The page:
From the Belfast Newsletter, January 18, 1915:
“An extraordinary incident occurred at the Four Courts yesterday. Shortly before eleven o’clock one of the courts, in which a divorce action had been listed for hearing before Mr Justice Molony, was invaded by upwards of eighty girls, apparently schoolgirls, whose ages would range from 16 to 20 years. They trooped into the public galleries and into the benches usually occupied by members of the Junior Bar, and their appearance created something of a sensation. Upon the arrival of the Associate of the King’s Bench (Mr Francis Kennedy), however, the order was given “All ladies must leave court, except any who are witnesses.” The order was quietly obeyed, and the schoolgirls trooped out of court.”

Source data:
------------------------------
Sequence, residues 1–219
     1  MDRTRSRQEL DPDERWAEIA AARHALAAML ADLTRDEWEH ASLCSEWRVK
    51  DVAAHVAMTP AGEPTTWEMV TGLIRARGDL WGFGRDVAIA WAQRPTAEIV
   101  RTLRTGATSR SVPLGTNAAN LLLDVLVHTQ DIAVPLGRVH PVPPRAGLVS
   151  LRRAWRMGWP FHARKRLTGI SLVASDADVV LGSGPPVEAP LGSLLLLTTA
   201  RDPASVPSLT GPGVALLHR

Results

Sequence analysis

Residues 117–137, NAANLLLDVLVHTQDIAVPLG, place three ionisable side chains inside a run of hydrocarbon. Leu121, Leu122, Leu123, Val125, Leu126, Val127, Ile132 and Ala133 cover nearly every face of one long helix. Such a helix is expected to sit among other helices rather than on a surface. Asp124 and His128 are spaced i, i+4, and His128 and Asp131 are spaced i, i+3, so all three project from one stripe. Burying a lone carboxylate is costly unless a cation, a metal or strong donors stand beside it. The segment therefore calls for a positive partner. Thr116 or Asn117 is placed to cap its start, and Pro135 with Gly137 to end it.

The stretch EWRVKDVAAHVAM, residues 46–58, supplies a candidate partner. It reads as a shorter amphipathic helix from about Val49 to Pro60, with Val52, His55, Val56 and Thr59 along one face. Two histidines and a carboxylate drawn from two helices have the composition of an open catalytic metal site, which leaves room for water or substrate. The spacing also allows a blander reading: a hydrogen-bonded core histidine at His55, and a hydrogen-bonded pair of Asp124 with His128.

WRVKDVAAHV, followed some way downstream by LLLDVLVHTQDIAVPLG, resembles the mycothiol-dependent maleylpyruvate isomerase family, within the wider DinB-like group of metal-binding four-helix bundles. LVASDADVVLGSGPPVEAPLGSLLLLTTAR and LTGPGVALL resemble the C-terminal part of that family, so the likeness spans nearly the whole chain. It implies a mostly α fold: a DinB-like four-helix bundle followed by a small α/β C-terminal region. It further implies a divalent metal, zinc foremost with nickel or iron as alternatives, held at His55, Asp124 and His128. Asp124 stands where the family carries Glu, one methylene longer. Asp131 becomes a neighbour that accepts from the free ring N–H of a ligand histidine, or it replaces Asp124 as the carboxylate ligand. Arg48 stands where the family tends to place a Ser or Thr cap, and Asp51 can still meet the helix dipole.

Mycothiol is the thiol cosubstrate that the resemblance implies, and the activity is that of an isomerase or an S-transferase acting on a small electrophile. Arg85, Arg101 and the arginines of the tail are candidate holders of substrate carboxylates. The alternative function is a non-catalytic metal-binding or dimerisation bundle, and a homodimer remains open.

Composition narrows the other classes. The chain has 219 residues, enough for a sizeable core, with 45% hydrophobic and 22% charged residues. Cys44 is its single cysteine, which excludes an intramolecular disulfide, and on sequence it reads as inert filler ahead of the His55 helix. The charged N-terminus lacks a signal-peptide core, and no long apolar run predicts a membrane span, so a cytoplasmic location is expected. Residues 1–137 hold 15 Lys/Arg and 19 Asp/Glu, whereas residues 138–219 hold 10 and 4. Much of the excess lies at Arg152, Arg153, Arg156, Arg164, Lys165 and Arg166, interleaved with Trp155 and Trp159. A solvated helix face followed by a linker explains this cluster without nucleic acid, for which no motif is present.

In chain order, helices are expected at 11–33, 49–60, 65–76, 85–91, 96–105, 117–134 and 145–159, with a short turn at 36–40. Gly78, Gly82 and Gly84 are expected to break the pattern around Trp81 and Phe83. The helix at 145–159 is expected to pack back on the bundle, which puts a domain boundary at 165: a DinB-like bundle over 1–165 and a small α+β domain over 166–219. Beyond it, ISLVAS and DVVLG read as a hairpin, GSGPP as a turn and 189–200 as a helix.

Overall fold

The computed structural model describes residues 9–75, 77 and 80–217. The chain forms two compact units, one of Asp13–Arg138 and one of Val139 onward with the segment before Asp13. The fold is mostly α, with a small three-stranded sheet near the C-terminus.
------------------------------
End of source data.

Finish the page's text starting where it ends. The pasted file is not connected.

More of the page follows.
Until the famous Russell Divorce case of 1923, in which the pregnant wife of Lord Ampthill’s heir, still technically a virgin, claimed to have been impregnated by sharing a bath sponge with her husband, divorce cases were always heard in public. So the girls were not breaking the in camera rule by attending.
Eighty girls! I wonder what their visit was all about?!